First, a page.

Alas, Los Angeles (72-67) overcame Oakland’s three-homer fifth, seizing a 8-7 10-inning victory Tuesday, but it wasn’t for a lack of power on the part of the rookie first baseman.
His recent flash may not be quite to the level of Miami Marlins masher Giancarlo Stanton, but Olson’s 11th bomb since Aug. 11 gives him the American League’s top total in that stretch, adding promise to the future of the A’s (58-80), who now sit two losses from a third-straight losing season.
Olson told SFBay:
“Obviously, it’s not a good stretch for us, but there’s some promising things that we see out there.”
Since Aug. 11, Olson has pushed his average from .203 to .262, batting at a scalding .313 clip, and seen his on-base and slugging percentages rise from .306 and .460 to .340 and .603 respectively. And 20 of his 29 RBIs have come over the period.
What is the significance of the date? It marked Olson’s second start as the A’s everyday first baseman following the trade of Yonder Alonso, who has compiled a mere three homers and 11 RBIs as a member of the Seattle Mariners.
Oakland’s 23-year-old slugger told SFBay:
“I feel good. It’s nice to be in there and getting consistent at-bats, finally being able to get into a rhythm.”
Olson’s three-day power surge marks the fourth time this season he has connected on home runs in three consecutive games, with the most recent occurrence coming in the final three days of August.
Along with the lumber, Olson has flashed the leather as Oakland’s first sacker. And it was once again on display Tuesday when he followed a scoop of Kole Calhoun‘s hot shot with a pirouette and throw home to get Mike Trout, charging in from third. It was the first of two times the perennial MVP candidate was cut down at the plate — the second compliments of left fielder Matt Joyce.
Joyce added to the offensive effort giving Oakland its first homer (22) in the fifth, leading off the inning, preceding a two-run blast (38) from Khris Davis, Olson followed three pitches later with his 15th of the campaign.
C.J. Cron carried the big stick for the Angels, going 3-for-4 with two runs and three RBIs, including a two-run go-ahead homer (14) in the sixth.
“Overall, as a group, we’ve been swinging it pretty well the past couple weeks. We just need to get on that same page where we’re scoring runs on the same days that we’re pitching well.”
Graveman (ND, 4-4, 4.70 ERA) lasted just 5 innings, surrendering five hits and four runs, while Richards (ND, 0-0, 1.13 ERA) allowed four hits but just one run in 3-1/3.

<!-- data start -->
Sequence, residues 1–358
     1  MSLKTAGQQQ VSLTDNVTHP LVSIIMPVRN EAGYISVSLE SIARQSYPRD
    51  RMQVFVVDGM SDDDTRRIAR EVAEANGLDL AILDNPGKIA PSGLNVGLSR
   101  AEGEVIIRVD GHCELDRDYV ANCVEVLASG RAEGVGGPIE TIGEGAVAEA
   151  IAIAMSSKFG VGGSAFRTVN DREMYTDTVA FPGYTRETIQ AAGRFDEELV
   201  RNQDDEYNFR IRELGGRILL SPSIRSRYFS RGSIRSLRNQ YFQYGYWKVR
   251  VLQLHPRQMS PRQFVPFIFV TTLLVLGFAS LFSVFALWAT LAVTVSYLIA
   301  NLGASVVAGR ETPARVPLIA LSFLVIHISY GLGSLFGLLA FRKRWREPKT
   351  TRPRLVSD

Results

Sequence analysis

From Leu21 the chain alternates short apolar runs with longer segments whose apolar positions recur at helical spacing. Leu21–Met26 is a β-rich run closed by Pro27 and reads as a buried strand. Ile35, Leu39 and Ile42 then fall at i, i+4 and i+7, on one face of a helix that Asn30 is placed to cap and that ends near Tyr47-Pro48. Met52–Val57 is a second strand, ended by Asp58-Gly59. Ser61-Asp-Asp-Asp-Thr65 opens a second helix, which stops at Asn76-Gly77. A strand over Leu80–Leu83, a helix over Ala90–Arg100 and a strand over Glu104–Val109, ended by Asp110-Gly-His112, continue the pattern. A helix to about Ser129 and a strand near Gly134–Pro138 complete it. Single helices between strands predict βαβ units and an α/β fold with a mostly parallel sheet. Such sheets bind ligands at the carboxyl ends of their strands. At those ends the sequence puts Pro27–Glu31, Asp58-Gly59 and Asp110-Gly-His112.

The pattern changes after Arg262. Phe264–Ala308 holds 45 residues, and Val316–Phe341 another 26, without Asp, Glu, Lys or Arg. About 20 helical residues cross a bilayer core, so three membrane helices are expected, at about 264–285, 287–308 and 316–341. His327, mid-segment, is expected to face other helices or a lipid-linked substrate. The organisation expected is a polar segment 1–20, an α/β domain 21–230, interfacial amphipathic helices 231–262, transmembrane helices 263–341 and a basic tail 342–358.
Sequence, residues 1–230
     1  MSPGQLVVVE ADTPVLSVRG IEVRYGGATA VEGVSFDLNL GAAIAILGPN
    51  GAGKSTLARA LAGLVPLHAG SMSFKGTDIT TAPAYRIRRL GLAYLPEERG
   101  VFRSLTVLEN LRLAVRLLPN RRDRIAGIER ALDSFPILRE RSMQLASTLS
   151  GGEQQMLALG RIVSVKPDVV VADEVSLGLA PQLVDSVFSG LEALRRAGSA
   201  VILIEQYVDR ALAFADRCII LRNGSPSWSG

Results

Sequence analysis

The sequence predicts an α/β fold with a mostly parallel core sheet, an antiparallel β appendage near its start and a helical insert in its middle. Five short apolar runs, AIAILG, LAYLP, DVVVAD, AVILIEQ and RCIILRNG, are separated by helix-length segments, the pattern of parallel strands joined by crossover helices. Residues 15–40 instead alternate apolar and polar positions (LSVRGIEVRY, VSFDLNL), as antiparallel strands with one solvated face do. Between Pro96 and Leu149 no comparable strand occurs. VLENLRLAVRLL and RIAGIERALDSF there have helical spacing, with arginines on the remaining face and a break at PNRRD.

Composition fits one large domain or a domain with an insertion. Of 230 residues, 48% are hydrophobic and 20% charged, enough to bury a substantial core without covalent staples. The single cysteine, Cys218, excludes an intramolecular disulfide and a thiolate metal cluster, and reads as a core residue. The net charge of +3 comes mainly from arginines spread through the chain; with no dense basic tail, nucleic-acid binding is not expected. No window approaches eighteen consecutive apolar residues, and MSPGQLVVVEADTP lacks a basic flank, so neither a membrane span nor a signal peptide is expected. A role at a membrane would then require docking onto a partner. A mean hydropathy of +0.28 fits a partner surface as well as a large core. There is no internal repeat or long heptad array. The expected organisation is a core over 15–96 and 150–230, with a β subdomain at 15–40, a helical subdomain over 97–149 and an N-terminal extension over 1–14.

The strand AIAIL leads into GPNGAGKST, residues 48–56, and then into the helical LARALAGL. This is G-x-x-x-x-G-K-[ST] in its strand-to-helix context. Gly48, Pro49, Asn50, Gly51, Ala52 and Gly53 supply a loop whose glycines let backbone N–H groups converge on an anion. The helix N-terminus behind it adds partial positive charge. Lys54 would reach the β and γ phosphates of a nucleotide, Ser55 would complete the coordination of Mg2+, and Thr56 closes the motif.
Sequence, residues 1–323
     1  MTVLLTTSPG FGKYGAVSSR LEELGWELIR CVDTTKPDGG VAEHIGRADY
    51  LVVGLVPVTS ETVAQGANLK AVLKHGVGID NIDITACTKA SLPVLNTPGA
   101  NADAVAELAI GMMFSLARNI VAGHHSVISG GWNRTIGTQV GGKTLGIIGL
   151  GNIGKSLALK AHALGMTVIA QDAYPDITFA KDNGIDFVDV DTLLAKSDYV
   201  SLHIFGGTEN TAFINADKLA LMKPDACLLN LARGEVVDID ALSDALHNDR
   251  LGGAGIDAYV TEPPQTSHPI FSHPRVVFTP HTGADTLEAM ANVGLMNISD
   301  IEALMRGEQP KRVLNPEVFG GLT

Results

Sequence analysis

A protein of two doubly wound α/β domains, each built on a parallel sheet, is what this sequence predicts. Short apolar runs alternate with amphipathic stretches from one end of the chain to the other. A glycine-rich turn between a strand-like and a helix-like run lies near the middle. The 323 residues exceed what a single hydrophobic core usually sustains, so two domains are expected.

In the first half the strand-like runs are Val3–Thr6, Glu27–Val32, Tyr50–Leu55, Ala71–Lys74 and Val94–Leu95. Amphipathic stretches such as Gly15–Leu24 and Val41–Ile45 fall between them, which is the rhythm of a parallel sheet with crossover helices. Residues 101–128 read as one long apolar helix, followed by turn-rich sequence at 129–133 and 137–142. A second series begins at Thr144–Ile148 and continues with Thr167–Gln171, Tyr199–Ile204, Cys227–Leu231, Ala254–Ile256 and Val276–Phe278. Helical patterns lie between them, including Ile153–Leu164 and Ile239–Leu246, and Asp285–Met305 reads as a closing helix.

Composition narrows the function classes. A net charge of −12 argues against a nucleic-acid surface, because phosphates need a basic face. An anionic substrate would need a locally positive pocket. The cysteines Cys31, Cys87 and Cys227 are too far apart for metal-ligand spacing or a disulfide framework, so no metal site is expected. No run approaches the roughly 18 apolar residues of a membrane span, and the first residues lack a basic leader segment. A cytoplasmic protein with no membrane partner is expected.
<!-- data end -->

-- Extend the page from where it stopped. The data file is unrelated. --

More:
The Oakland starter said his ability to escape a 40-pitch third, in which he walked two batters and hit another, giving up just three was a “small silver lining”:
“The guys offensively are doing a good job for us, it’s just frustrating on the pitching side, especially starters, to give up some leads.”
“It stinks right now. A losing streak is never fun.”
Despite his battle with inconsistent command, and giving up and “unacceptable” run in the fifth, Graveman lasted the minimum needed to earn a win and departed with a 5-4 lead.
Like his hurler and homer-happy first baseman, A’s manager Bob Melvin said bluntly that the team has to find a way to maintain leads:
“When you hit three home runs and you score as many runs as we did, you expect to win those games. The problem is, we can’t hold the other team down.”
The two offenses traded blows following his exit with the home nine answering a two-run Los Angeles sixth with a knotting tally and doing the same in the eighth on a Boog Powell double and Joyce sacrifice fly. Until the 10th, that is, when Joyce couldn’t control a Ben Revere liner on a diving attempt, sending home Kaleb Cowart, who was hit with a pitch with no one on and two down.
Jed Lowrie, who finished his night 2-for-5 with two runs scored, couldn’t give Oakland an answer in the 10th, flying out to end the night.
For the second time in as many nights, it was closer Blake Treinen (L, 1-6, 4.41 ERA) who was forced to wear the extra-inning loss. He has now thrown 59 pitches through the first two games of this three-game series.
“We were going to use him just to close and he said he was available.”
This is now eight losses in a row for the A’s, their longest losing streak since 2012. The skipper said:
“Losing is tough to begin with. When you lose, and you battle so hard to come back, it’s a little tougher.”
Sean Manaea (9-9, 4.52 ERA) looks to continue his rebound, having gone 1-1 with a 3.86 ERA over his past two starts after going 0-3 with an 11.37 ERA over his previous four, getting the start Wednesday afternoon. The Angles will counter with Tyler Skaggs (1-4, 4.89 ERA), who is 0-3 in four career starts against the A’s.
The A’s recalled Daniel Mengden, Renato Nunez and Joey Wendle, and purchased the contract of Raul Alcantara as they continued to expand their September roster. The quartet of call-ups join Franklin Barreto and Sam Moll, who were called up, and Josh Phegley and Jake Smolinski, who were reinstated from the disabled list, on Oakland’s current 33-man active roster. … Paul Blackburn, who was hit with a batted ball on Aug 22, was placed on the 60-day DL to make room for Alcantara on the 40-man roster, officially ending his season. … Liam Hendriks was named the A’s finalist for the 2017 Roberto Clemente Award Tuesday. … Mengden will get the starting assignment in Game 2 of the A’s doubleheader against the Houston Astros on Saturday. … At four hours and 12 minutes, this marked the Angels’ fifth consecutive game of four hours or more.